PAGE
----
The first month in office has been busy here at City Hall. Transformational changes are already happening.
Since being sworn in on Nov. 8, the new six-member City Council team has been assigned to City Boards and Commissions. In less than one week, we had to completely reorganize our City government and run our first City Council meeting. This was no small task. We are taking the time to get to know the inner workings of City Hall, and the new City Councilors and I have attended events and visited businesses to introduce ourselves and to let the community know we are here to listen and will continue to encourage people to be engaged in our local government. We are planning public meet and greets and look forward to your input.
Just 10 days into our administration, we were able to appoint a new Fire Chief thanks to a search that was going on for 10 months by the Fire Board. After personally meeting him the weekend after our inauguration, Chief Richard Hart was sworn in as Bristol’s new Fire Chief on Nov. 18. The new administration and I look forward to working with Chief Hart and the Fire Board to transform the fire department to ensure the City has the skilled firefighters needed to replace all those that will be retiring in the coming months and in order to keep Bristol safe.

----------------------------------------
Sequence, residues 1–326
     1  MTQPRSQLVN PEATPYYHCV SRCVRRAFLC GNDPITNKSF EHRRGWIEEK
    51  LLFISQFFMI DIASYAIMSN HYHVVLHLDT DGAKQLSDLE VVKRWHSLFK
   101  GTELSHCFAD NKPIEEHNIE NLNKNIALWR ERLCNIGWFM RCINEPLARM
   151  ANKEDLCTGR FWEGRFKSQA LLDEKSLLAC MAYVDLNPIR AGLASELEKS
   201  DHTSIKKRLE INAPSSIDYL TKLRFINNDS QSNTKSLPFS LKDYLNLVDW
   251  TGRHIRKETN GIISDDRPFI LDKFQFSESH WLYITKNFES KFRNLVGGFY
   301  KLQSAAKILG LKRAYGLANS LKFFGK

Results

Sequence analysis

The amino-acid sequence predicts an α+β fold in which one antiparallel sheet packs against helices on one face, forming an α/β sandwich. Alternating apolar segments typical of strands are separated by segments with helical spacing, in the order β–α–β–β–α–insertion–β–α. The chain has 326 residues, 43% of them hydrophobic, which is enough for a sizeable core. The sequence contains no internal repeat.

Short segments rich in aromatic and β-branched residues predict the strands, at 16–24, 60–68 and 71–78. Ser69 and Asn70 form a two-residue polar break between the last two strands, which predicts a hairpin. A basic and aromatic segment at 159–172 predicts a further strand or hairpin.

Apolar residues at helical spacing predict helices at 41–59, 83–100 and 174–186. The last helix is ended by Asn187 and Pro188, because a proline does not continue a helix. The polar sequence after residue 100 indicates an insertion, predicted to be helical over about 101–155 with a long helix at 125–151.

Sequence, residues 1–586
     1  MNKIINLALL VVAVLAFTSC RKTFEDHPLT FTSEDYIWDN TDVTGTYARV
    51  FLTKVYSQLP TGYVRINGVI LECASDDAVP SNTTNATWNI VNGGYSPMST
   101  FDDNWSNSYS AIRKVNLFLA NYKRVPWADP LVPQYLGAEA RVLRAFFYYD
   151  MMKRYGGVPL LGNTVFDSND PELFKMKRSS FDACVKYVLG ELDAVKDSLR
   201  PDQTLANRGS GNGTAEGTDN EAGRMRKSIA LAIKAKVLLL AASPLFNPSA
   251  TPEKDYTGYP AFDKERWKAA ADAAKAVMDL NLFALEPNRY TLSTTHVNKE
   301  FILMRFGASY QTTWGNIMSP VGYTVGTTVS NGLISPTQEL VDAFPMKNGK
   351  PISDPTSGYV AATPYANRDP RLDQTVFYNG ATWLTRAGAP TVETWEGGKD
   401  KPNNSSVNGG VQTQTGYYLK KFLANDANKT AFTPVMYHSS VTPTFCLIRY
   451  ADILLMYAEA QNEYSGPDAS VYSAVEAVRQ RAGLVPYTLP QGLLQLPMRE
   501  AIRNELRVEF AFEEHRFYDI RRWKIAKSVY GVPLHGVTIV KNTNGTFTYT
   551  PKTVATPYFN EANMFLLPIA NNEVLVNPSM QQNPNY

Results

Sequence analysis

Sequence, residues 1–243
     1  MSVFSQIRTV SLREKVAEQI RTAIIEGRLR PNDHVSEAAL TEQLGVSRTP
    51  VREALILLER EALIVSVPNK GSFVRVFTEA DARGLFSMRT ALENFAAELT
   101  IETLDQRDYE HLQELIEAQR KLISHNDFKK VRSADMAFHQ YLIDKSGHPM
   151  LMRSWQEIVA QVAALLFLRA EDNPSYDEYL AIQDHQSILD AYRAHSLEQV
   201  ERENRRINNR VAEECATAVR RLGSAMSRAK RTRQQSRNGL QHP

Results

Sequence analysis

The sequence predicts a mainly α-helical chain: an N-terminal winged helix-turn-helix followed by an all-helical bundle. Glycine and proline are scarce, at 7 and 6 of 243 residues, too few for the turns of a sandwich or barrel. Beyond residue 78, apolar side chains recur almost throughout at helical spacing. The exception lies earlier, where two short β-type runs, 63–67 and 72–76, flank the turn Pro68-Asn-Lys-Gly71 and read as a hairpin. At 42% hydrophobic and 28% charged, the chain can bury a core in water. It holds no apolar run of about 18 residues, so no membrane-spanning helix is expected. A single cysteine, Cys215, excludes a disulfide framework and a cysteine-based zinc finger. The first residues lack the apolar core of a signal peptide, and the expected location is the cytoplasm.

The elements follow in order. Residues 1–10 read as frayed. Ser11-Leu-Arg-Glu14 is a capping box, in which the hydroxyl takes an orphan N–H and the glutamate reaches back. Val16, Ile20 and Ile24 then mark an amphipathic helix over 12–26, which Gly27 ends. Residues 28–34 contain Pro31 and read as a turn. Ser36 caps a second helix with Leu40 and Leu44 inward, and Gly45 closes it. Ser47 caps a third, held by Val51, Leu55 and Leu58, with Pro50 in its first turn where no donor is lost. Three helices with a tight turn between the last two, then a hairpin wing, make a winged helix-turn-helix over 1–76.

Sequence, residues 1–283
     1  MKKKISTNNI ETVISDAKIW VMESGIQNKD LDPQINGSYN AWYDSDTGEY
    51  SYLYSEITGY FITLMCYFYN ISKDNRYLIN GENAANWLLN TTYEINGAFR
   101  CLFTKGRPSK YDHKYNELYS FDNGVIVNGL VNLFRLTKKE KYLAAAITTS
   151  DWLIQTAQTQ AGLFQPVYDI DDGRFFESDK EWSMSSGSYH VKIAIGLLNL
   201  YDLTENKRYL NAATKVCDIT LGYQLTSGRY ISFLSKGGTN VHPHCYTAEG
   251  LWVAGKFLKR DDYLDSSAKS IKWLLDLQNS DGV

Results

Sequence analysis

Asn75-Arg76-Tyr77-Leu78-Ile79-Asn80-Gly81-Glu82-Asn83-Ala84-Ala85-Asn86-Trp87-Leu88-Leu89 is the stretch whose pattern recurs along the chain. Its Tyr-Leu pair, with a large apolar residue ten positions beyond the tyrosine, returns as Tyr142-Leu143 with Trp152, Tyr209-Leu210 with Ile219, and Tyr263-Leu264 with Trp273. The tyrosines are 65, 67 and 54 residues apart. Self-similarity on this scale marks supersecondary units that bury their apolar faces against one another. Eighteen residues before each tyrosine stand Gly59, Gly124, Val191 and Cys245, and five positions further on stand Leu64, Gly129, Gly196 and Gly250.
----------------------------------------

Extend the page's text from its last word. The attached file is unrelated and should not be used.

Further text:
We have inherited the many projects underway in the enterprise zone downtown. The foundation to the heart of our city is coming together and it is time to complete these projects and transform our City. The KindCare Assisted Living project at the north end of North Main Street is scheduled to break ground in the next few weeks. The Wheeler Clinic project in Centre Square was pushed back a month so that the new administration could have the time to get up to speed on this project. While we will take final action on this project at our next City Council Meeting, we also are making progress at the Sessions building with remediation on the site planned for early 2022 and site planning and imminent purchase and sales agreements on two other projects in Centre Square.
Finally, the 15-member appointed ARPA Task Force will now meet twice a month to determine the best use for Bristol’s allocated $28 million in ARPA funding. As I said to the task force, “these Federal funds are borrowed funds from future generations, but can be a once in a lifetime opportunity to build a legacy for our grandkids.” In that vein, Bristol began “urban revitalization” 60 years ago in 1961, and the next few years will be vital to finally transform our downtown to a vibrant economic engine once again. An online application portal for ARPA funding, along with accompanying marketing materials will be released the week of Dec. 13. Bristol businesses and nonprofits will be invited to apply for the first round of $24 million with a submission deadline of Jan. 31, 2022. City projects will also be submitted for consideration during this first round of funding which will aid in post-COVID infrastructure projects.
I want to thank the Bristol community for entrusting me to lead this great city. I look forward to “Building a Better Bristol” and transforming this “big small town” with all of you.